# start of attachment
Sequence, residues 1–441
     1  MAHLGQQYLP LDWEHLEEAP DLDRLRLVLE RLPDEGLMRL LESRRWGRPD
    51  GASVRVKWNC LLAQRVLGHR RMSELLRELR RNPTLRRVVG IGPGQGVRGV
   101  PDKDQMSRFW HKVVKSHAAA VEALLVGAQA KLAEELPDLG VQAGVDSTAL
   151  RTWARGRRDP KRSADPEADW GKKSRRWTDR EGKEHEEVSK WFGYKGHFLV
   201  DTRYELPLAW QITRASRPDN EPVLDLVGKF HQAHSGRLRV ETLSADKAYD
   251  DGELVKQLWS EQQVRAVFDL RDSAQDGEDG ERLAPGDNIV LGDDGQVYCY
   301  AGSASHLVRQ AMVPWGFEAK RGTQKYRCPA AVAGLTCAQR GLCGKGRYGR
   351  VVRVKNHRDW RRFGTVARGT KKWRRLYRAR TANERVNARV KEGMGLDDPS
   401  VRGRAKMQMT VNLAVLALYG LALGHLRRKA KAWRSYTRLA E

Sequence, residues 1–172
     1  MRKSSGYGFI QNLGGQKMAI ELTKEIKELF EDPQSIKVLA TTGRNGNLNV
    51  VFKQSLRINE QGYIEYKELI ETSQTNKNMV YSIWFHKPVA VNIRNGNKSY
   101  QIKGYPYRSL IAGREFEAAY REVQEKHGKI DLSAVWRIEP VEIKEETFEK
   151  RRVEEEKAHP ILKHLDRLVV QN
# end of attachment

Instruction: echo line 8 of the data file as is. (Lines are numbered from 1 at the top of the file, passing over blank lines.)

   301  AGSASHLVRQ AMVPWGFEAK RGTQKYRCPA AVAGLTCAQR GLCGKGRYGR